France-based Total S.A. is one of the elite seven “supermajor” oil companies in the world. When people talk about “Big Oil,” Total is exactly the kind of corporation they’re talking about. They have an aggressive vertical strategy, with businesses in every part of the fossil fuel world, from crude oil and natural gas exploration and production all the way down to the marketing of petroleum products. One would think that the company's primary goal would be to do everything they can to continue the reign of oil in perpetuity, and yet, on Total’s website, the casual visitor can find this statement:
“For Total, contributing to the development of renewable energies is as much a strategic choice as an industrial responsibility. We are doing our part to diversify the global energy mix by investing in renewables, with a strategic focus on solar energy and bioenergies.”
Total is leading what looks to be a wave of giant oil companies investing in the competition. Last year they spent nearly €1bn on buying a battery manufacturer, a move that Total chairman and chief executive Patrick Pouyanné said would “allow us to complement our portfolio with electricity storage solutions, a key component of the future growth of renewable energy”.
While it’s not the only oil giant making a move toward alternative energies, some industry experts say Total is the only one taking renewables seriously. Greg Mutitt of Oil Change International said about the company, “It has ambitious plans. For BP and Shell, renewables are nice for PR, but they are not doing anything significant on it.” As it stands, Total’s gas and renewable power division, which includes solar, biofuels and batteries, has 13,000 employees and represented $4.7bn of capital expenditure in 2016.
In the current market, wind and solar are still too small to replace traditional energy at just 4 percent of the market share of oil and gas, but that won’t be the case for long. “Wind and solar are poised to radically reshape energy markets and the growth opportunity in renewables cannot be ignored” a recent study by Wood Mackenzie’s study states. “The Majors are leading the way in shaping strategies as they look to capture a piece of the action in this fast-growing market.”
Despite the forward-thinking investments of Total and similar expenditures by Shell and BP, there are still some major players, including ExxonMobil and Chevron, who have yet to be convinced. A major deterring factor has been the comparatively high cost of renewable production. However, in the past few years, this too has seen some major changes.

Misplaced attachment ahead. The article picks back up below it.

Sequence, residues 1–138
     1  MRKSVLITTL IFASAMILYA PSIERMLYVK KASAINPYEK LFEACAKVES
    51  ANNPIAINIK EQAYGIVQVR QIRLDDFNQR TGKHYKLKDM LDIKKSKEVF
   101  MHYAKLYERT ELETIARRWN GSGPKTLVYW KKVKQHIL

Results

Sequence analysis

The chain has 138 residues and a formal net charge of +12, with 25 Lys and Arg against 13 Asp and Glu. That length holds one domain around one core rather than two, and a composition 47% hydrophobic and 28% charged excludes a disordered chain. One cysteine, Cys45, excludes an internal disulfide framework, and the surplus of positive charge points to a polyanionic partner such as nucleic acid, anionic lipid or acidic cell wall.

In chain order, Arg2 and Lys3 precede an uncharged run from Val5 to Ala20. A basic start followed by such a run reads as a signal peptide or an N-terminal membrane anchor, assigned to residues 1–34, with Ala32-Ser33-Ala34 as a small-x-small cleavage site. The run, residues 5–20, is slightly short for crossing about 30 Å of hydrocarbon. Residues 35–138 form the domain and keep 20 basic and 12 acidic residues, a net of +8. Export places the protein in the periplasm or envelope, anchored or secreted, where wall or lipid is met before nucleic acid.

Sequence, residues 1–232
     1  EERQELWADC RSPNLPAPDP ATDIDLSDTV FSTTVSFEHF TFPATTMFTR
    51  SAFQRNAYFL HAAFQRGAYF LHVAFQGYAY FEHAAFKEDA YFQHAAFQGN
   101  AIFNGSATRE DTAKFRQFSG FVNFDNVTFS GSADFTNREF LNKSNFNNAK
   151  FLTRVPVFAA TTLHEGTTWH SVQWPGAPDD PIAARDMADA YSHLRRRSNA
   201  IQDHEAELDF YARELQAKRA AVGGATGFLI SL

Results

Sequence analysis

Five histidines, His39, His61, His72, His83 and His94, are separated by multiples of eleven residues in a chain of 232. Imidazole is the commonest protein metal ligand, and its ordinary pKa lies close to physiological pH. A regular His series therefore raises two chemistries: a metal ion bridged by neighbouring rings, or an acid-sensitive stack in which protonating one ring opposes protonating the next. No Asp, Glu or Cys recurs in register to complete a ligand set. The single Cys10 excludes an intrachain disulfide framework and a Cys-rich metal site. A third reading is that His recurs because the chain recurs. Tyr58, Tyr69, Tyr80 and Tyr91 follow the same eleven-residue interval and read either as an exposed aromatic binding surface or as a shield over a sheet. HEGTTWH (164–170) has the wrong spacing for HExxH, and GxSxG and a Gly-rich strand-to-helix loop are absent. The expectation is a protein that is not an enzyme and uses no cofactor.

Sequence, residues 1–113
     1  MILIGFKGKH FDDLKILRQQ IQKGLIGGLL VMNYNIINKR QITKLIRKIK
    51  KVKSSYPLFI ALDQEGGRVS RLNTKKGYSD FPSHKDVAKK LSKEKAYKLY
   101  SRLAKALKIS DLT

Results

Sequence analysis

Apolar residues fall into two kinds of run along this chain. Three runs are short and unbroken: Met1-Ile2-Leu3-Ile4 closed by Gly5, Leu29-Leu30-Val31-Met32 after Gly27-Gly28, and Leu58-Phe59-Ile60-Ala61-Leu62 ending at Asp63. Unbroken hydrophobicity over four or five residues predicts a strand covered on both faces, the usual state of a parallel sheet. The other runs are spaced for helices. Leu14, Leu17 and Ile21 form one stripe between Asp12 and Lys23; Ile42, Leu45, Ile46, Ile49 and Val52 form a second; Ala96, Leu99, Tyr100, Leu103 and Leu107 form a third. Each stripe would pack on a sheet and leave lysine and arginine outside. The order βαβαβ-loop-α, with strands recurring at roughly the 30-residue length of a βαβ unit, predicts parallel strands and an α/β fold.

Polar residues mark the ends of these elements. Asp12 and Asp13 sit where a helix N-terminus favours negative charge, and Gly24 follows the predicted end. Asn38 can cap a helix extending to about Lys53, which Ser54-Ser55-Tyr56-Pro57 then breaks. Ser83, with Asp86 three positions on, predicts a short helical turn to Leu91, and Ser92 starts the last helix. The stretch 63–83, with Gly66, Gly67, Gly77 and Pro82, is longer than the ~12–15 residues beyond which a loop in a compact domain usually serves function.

Renewable energy production costs have come down markedly and will continue to come down as production technologies steadily improve. Solar alone is nearly half as expensive as it was just 5 years ago, and the solar market has skyrocketed accordingly. Solar now employs 3.1 million people worldwide, a striking 12 percent increase since 2015. In the U.S. alone, last year’s numbers show that solar employment expanded at 17 times the rate of the nation’s total economy.
In order keep up with the changing tides, Big Oil will have to follow the footsteps of Total and start to invest heavily and quickly. Wood Mackenzie suggests that if big oil invests $350 billion in solar panels and wind turbines will bring renewable output to just 6.5 percent of their current energy production.
Part of Total’s distinction as the most forward-thinking of its contemporaries is that fact that France is politically a much safer bet for renewables than the U.S., home to a large portion of the oil industry. The Trump administration’s disregard for the Paris climate accords and plans to recall the Obama-era Clean Power Plan threaten to push renewable energy investors away from the U.S.
While there are many valid reasons for investors to hesitate before pouring large sums of money into wind and solar, they’re simply outweighed by the threat of being left behind by a rapidly changing market. The currently glut in oil and gas are not doing the big oil any favors, and as global policies continue to shift away from oil addiction and toward renewable incentives, the demand for fossil fuels is likely to stagnate. Meanwhile, for wind and solar, it seems clear that there is nothing but clear skies ahead, and Total will be ready.
By Haley Zaremba for Oilprice.com
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